Priest treks across US on pro-life pilgrimage

Rising at dawn and offering Mass is nothing out of the ordinary for any priest. Walking 30-plus miles after the Mass, across America’s highways and byways with a bunch of college students, however, is a little less ordinary — unless you’re Father Dan Pattee. 

In the summer of 2012, Father Pattee, a professor of theology at Franciscan University of Steubenville, teamed up with Crossroads for the second time (the first was in 2007), and walked across America, from Los Angeles to Washington, D.C., on a pro-life pilgrimage. 

As in summers past, the four teams of walkers traveled more than 100 miles each day. Unlike in summers past, however, this year’s walk nearly ended when one young pilgrim, Andrew Moore, was killed by a passing car. 

Recently, Our Sunday Visitor spoke with Father Pattee about the tragedy, as well as his own experiences on the road with this new generation of pro-life activists. 

Our Sunday Visitor: How did you end up deciding to walk with Crossroads? After all, it’s rather an unusual way for a priest and professor to spend his summer vacation. 

Father Dan Pattee: For both this past year and the first time I walked in 2007, probably the most accurate answer I can give is to say that the Lord put it on my heart. Now, regarding the discernment process behind that, well, that was a bit like Hosea attempting to discern whether God was calling him to marry a prostitute. I was 50 when I did the first walk. I’m 55 now. I kept asking, “Do you really want me to do this?” But I decided he did. And both times, that call seems to have been verified.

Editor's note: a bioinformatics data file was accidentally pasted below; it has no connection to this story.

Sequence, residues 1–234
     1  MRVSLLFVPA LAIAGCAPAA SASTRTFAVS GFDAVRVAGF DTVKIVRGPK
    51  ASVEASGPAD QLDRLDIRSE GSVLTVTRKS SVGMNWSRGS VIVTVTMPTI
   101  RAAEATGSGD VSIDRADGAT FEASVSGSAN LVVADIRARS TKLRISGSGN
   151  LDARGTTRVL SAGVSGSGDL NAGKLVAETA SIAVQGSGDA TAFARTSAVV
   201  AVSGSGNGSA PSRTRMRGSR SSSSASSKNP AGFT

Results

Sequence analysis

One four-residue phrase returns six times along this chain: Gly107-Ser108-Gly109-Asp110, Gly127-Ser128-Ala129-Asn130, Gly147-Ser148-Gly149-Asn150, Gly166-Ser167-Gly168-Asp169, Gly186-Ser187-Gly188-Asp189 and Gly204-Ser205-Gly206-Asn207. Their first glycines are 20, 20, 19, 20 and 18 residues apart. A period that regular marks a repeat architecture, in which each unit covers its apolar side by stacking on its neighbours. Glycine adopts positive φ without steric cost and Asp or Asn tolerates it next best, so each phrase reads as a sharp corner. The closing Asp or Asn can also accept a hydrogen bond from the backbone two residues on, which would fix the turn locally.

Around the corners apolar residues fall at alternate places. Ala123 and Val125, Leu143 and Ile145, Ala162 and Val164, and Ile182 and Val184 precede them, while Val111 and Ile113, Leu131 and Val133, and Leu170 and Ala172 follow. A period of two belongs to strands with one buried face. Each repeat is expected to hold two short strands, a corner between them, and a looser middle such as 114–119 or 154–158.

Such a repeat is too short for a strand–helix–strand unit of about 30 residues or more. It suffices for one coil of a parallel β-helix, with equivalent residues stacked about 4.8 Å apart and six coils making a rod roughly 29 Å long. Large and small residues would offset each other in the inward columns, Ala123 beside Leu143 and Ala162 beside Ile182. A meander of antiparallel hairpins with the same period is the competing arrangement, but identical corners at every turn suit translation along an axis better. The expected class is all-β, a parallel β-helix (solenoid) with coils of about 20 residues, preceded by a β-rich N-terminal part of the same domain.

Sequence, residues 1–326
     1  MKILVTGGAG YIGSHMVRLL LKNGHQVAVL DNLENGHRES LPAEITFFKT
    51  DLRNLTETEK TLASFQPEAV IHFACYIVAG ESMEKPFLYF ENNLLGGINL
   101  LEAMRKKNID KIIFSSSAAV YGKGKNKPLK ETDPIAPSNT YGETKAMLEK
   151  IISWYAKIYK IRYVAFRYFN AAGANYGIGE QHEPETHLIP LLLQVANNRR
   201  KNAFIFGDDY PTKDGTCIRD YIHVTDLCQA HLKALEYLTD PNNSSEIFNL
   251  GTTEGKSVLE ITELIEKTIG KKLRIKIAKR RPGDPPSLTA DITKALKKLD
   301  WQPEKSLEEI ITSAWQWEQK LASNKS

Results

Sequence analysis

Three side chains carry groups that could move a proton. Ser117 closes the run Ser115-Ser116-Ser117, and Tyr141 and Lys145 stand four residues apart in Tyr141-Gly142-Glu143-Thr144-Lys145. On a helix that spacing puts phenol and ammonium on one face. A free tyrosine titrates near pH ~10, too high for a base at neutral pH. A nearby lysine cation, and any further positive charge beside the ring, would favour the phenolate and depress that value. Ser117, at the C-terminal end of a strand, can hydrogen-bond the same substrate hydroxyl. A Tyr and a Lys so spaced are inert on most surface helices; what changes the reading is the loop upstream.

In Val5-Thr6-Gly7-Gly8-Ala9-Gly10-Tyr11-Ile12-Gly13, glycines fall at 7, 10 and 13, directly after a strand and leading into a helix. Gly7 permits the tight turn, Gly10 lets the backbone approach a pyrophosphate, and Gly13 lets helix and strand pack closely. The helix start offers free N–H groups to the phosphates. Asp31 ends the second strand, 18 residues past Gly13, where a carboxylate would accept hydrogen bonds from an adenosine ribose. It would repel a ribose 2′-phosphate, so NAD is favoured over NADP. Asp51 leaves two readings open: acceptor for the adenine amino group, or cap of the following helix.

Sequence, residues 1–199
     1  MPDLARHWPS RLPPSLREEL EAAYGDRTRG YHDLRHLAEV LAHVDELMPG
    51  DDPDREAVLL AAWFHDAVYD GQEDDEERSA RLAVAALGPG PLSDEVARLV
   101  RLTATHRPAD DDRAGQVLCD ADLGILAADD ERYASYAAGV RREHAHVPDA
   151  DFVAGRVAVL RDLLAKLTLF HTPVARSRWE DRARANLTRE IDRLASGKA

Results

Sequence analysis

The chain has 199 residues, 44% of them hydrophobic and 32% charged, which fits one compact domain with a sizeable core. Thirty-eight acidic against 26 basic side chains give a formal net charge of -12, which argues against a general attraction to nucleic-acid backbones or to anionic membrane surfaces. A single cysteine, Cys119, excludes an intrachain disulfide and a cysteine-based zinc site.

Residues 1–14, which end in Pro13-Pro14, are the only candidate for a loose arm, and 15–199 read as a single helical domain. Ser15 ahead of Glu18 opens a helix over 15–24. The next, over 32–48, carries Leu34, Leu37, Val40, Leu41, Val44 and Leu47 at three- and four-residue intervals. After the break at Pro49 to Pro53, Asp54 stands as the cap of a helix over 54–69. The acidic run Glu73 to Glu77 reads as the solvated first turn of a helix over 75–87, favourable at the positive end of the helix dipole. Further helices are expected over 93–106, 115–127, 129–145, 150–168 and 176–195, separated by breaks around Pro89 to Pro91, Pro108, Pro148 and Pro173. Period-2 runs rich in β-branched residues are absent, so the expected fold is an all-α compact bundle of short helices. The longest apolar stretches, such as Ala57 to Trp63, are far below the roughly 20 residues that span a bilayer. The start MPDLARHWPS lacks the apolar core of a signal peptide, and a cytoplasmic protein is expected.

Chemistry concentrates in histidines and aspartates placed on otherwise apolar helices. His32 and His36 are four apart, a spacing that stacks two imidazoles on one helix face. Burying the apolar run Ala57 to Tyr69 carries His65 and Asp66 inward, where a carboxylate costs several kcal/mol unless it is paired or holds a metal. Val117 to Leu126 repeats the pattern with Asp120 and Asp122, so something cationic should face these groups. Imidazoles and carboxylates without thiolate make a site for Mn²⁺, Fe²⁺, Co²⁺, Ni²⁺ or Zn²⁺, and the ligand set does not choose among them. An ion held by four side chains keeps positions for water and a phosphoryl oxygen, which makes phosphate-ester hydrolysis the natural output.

OSV: How so? 

Father Pattee: The walks and the vision behind them have become more and more a part of me. Before I went on the walks, I thought of the pro-life movement as a movement within the Church, an activity that some people did.  

                                                               

Now, I think of the pro-life movement as something that was started by God the day he kicked us out of Eden and death came into the world. He’s been working throughout all of history to help us overcome death. Death is our disease, and all of life has to be a struggle against it by each of us.  

I keep coming back to Paul saying, ‘Woe is me if I don’t preach the Gospel.’ The same applies to us. Woe are we if we don’t preach the Gospel of Life, because the Gospel of Life isn’t just a segment of the Gospel. It is the Gospel. 

OSV: Did spending weekend after weekend praying at abortion centers across the country change how you see the abortion industry?